WICHITA FALLS (KFDX/KJTL)—A room full of strength and positivity was seen at United Regional’s 16th Annual Heart of a Woman event on February 8th. Two women were this year’s feature spotlight on heart disease awareness; this is Roberta Richardson’s story.
Roberta is a mother, a wife, a sister, an accomplished interior designer, and a survivor. Last June, she was in the clutches of a silent killer that claims the lives of nearly 647,000 Americans every year.
“I had been working full time and had noticed a shortness of breath and a tightening in my chest several times when I would walk any extended period of time, and just thought, a little bit of exercise, I kind of felt like I was out of shape,” says Roberta, “and so it wasn’t until Thursday I really started to have a lot of pain, I thought it was maybe my stomach…so later that day I called my gastro and he said come in on Friday the next morning and that night I really started having severe pain.”
The following day, Roberta’s husband rushed her to the hospital, only to find a grim discovery; she was on the verge of having a massive heart attack and needed to be wheeled up to United Regional’s cath lab for emergency surgery while being fully awake.
“As he was inserting the stent, I started feeling even more pressure and I said this is the pain I was having so severely last night and he said remember that pain, he said that’s what it feels like when you’re having a heart attack,” says Roberta.
Later, Roberta was informed that 99% of her main artery or “widowmaker” was blocked. For a healthy woman in her 50’s, this was a shock for her, but Roberta’s family history quickly provided answers.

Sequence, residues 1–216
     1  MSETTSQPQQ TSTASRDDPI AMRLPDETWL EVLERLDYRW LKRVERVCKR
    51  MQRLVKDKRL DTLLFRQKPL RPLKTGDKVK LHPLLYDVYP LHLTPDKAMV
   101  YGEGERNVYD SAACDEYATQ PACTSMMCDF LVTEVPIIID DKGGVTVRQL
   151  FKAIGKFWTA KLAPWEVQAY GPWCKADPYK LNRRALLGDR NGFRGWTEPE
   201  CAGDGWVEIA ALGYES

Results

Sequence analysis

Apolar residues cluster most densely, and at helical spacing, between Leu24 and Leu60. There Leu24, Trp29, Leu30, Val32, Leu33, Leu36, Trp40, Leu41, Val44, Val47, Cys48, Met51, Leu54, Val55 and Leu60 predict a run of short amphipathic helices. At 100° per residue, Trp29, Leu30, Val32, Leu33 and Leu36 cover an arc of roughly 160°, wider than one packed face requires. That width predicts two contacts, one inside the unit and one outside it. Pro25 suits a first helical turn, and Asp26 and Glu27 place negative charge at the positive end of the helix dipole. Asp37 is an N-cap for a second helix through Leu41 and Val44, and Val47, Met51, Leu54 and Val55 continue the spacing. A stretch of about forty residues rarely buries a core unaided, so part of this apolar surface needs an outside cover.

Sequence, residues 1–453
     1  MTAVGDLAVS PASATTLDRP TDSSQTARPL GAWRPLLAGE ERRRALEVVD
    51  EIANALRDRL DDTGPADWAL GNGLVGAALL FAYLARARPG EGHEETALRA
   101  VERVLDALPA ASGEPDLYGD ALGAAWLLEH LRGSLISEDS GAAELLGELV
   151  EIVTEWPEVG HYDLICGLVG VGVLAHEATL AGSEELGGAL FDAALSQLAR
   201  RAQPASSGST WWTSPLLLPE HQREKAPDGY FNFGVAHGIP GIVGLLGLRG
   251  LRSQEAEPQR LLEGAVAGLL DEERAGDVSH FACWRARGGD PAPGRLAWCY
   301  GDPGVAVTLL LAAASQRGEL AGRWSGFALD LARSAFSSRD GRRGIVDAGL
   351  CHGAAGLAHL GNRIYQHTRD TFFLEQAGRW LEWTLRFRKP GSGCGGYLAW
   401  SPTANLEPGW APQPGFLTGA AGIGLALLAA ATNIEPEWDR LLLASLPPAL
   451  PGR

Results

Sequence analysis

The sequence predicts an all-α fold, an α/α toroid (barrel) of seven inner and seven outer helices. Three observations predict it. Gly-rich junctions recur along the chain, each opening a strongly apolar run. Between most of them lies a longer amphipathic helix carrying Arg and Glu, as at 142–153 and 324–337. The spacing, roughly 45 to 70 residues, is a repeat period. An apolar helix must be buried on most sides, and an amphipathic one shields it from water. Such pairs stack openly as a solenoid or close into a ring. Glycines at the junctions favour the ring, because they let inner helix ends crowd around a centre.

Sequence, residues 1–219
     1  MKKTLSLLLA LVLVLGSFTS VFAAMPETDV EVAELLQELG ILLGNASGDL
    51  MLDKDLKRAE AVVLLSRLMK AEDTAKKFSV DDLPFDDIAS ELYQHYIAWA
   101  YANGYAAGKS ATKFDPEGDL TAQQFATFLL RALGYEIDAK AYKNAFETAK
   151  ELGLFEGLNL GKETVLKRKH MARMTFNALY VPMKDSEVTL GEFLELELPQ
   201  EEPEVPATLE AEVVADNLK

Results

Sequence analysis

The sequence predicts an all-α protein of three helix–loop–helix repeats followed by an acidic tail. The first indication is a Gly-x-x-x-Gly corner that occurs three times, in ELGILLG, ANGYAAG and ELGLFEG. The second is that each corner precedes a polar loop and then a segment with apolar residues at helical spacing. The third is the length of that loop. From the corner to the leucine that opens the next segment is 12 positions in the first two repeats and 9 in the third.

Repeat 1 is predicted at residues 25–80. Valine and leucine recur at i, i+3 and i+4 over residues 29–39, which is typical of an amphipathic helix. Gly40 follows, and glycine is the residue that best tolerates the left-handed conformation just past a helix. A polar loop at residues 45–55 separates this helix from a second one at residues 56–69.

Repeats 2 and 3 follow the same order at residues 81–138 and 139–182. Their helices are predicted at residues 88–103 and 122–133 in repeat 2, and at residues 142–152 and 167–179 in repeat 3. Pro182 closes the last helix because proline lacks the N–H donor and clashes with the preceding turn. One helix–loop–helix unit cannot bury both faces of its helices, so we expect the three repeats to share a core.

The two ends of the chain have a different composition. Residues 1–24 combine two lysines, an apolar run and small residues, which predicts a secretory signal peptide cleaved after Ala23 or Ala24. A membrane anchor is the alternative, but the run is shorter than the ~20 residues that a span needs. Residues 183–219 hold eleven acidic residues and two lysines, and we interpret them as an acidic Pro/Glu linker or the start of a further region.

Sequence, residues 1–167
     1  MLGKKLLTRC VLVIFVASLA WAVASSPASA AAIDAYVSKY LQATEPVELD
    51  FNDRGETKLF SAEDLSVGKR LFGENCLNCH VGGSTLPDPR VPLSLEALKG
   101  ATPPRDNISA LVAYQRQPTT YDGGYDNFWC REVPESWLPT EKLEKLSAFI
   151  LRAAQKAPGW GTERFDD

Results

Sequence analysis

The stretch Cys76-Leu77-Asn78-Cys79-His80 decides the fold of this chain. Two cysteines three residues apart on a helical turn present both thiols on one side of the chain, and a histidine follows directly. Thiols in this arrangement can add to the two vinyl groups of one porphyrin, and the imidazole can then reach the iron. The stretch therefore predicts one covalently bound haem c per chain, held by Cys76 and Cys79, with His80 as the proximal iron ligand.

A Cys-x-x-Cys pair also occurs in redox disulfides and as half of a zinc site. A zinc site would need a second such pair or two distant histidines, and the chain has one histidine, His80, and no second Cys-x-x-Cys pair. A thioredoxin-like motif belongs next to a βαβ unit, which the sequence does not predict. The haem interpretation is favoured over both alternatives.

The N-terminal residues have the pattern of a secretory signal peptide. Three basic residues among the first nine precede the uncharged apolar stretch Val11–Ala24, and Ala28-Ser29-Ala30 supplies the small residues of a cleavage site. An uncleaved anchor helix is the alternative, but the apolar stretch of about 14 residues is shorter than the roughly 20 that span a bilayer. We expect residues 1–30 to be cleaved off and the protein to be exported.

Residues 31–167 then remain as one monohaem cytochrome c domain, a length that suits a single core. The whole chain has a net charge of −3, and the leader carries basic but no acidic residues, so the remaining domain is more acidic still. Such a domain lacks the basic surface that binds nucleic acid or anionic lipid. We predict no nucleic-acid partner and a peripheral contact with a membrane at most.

“My dad was 47 when he had his first heart attack. All the men in that family have some sort of heart disease, but I didn’t translate that to being the daughter.”
The man who saved Roberta’s heart, Dr. Bruce Palmer, says while you can’t change your family history of heart disease the best thing you can do is to get checked.
“There are few tests we can do that predict your likelihood of having heart disease if you have a family history,” says Dr. Palmer. “We obviously look at lipid panels but there’s some outside testing such as coronary calcium scores we can do to see if you’re forming atherosclerosis. “
In Roberta’s case, Dr. Palmer said time was on her side.
“She got in early and we were able to find the problem before it caused major damage and at last check, her heart has gone completely normal.”
Studies show in the U.S., 1 in 4 women die of heart disease every year, and symptoms of a heart attack or stroke can be different in women than they are in men.
When it comes to family history, The Centers for Disease Control and Prevention says genetics likely play some role in high blood pressure, heart disease, and other related conditions. Yet, it’s also likely that people with a family history of heart disease share common environments and other factors that may increase their risk. While they’re young and healthy right now, Roberta’s two children will have to get tested for heart disease at some point in their lives as well.
To lower your risk of heart disease: consider quitting smoking, lower your cholesterol, track your blood pressure, diabetics need to watch their weight, diet and blood sugar levels, increase your physical activity, and get a yearly check-up. Roberta says if she hadn’t gone to the hospital that night, she probably wouldn’t have made it.
“I encourage everyone. I was embarrassed to go because I thought it was just going to be my stomach and I’d be sent home and I think a lot of woman think that…”
Even though Roberta will be on medication for the rest of her life, she says:
“I feel great, I’m getting back to the swing of everything, enjoying my granddaughter…I’m honored to share my story and hopefully touch someone in the community.”
For a link to United Regional’s cardiac services, click here.
For our previous story on United Regional’s cardiac rehab, click here.